Battling is a fundamental aspect of emceeing, one of the four essential elements of hip-hop. An underground ritual that rappers engage in to develop their wordplay skills and increase their stature, battles are often pressurized situations, in which the rappers ad-lib against other MCs, spitting rhymes off the top of their head. With studio equipment and enough time on their hands, anyone can craft compelling rhymes and beats in the privacy of their own cave. Battling, on the other hand, is what happens when you strip all that away and leave an MC with nothing to rely on except his talent and wit. (If you've ever seen 8 Mile, this concept is familiar.)
If anyone in Denver knows about battling, it's Dent. Dude's been in countless verbal jousts over the years. So it's no surprise to find that he's the mastermind behind this week's fittingly titled Put Yo Money Where Ya Mouth Is battle, where the Mile High City's most ferocious wordsmiths will be throwing down for a $1,000 purse. When we caught up with Dent, we asked about the clash and why battling is an essential part of the game.
Westword: What inspired you to put this battle together?
Dent: I'm an advocate for the Colorado hip-hop scene. I've been apart of it for many of years and seen people come and go. I've earned my stripes and paid my dues in the battlefield. I remember how it felt coming up, being so hungry to inDENT my name on people's brains with my words, that feeling I felt!
There were venues and people throwing battles back then creating that road for me, but really no one nowadays is creating those platforms for up and coming MCs to showcase their skill.
I wanted to bring back that battle element to the scene. I thought cats were getting to comfortable being in their makeshift studios, forgetting about the art of the rhyme, where it's from and where it's going. The battle has always been in hip-hop culture.
So I know there are a lot of dope, hungry, basement-dwelling MCs out here that get NO recognition. So I'm bringing back that hungry MC! I want to bring back that passionate MC, who wants to ruin you with words and give em' that spark again!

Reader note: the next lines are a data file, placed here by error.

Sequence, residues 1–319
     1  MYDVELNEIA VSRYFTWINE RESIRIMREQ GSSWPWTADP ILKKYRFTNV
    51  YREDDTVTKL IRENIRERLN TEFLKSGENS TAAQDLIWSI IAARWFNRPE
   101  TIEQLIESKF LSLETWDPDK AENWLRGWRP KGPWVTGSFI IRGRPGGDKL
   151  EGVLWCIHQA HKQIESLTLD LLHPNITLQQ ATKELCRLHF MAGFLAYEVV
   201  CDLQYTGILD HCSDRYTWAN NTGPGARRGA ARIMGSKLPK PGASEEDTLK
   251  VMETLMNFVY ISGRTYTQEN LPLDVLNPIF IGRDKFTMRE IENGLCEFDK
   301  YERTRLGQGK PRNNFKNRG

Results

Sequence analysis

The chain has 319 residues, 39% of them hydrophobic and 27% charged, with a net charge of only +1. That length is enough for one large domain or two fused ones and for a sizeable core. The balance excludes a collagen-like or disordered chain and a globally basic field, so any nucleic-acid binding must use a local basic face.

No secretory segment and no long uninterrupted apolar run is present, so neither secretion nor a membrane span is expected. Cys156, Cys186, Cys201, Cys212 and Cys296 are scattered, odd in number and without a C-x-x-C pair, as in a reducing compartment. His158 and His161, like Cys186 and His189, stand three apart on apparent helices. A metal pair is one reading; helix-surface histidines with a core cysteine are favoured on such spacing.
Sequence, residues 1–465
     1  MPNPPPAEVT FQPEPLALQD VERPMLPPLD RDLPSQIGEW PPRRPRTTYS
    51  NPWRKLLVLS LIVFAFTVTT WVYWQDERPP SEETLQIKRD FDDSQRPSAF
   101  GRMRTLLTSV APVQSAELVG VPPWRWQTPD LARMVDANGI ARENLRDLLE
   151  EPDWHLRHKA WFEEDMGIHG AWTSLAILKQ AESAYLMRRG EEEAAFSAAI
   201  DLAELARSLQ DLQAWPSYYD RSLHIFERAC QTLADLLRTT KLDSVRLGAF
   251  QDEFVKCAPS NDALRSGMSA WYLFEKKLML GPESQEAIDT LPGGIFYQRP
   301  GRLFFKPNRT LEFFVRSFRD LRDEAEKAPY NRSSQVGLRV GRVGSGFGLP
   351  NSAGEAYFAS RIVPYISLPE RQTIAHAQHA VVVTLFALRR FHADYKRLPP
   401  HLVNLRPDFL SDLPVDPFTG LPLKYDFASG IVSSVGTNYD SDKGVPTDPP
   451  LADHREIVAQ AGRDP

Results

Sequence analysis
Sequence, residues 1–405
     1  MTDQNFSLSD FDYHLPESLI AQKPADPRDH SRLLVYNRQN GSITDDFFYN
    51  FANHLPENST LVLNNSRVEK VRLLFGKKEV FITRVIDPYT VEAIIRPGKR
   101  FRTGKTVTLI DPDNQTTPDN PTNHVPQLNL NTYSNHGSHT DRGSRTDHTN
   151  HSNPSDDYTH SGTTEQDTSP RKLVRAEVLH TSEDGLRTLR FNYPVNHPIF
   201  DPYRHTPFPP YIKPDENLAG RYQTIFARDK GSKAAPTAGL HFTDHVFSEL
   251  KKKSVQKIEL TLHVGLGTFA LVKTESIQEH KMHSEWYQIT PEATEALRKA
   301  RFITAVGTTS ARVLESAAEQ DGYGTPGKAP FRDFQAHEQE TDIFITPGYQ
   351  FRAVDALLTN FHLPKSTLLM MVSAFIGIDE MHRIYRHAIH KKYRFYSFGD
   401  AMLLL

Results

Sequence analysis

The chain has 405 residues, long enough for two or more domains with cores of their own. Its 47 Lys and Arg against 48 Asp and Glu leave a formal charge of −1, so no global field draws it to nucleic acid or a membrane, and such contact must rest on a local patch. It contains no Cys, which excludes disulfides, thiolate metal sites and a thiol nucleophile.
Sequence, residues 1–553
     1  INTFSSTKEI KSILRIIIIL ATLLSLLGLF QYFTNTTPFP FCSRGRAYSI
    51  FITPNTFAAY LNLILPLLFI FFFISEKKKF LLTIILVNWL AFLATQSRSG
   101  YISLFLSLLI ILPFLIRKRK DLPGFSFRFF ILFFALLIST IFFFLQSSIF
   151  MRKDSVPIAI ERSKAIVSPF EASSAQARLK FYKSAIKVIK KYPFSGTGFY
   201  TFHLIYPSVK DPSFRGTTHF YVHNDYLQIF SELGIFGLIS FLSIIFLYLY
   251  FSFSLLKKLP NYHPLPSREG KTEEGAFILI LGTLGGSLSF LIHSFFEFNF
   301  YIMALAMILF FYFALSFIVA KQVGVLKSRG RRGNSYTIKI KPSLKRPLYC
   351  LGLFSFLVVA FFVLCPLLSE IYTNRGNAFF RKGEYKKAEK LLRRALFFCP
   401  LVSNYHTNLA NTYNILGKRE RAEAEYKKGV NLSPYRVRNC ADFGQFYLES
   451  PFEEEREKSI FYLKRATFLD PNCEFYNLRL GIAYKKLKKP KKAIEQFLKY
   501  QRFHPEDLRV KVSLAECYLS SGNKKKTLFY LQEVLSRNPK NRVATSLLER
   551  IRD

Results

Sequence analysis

The $1000 is just to get their attention -- everyone loves cold hard cash. Plus, I stay up on my Twitter game, and I seen folks out there, talking about, "They know, this guy, who's the best, and this guy's the best, and wanting to put their money on who they think is the best." Blah, blah, blah. But they had no structure, no game plan, just a bunch of talk. So I made some calls, worked it out, got legit people involved, who have credit in the battle field, and the rest is a rap, simple and plain ... Put yo' money where ya' mouth is.
WW: Who's involved besides you and Supernatural?
D: I partnered up with a distribution company: O3ZONE, a company that supports unique urban fashion and music globally. As well as my hometown innovative companies: Denver Frank, LARD, BaseMentalism Radio 1190 and Colorado Hip-Hop Congress.
WW: What makes it different from the other battles?
D: Nothing really different, just resurrecting the battle element in the MC, iron sharpens iron mentality. Bringing raw skills back, fellowshipping with your homies over beats and rhymes, putting up $1000 on the table and have a no bias MC battle. I think there is too much Cool Guy look and talk. We all should be coming together more as MCs have fun. Plus, we haven't seen a good battle in a long time, so I'm excited.
WW: How did you get Supernatural involved?
D: I was able to build and come across Supernatural in 2003. He was judging the Scribble Jam battle with Mr. Dibbs that I was in. He got hyped and stood up over a few lines that I said. After the battle, we chilled, put one in the air, and we built a solid bridge ever since. We have been in strong contact, making some music together and creating the new musical formula for the masses. I am very humbled to consider him fam, definitely respecting him as a brother and his freestyle craft.
WW: Have you learned anything from him, and if so, what?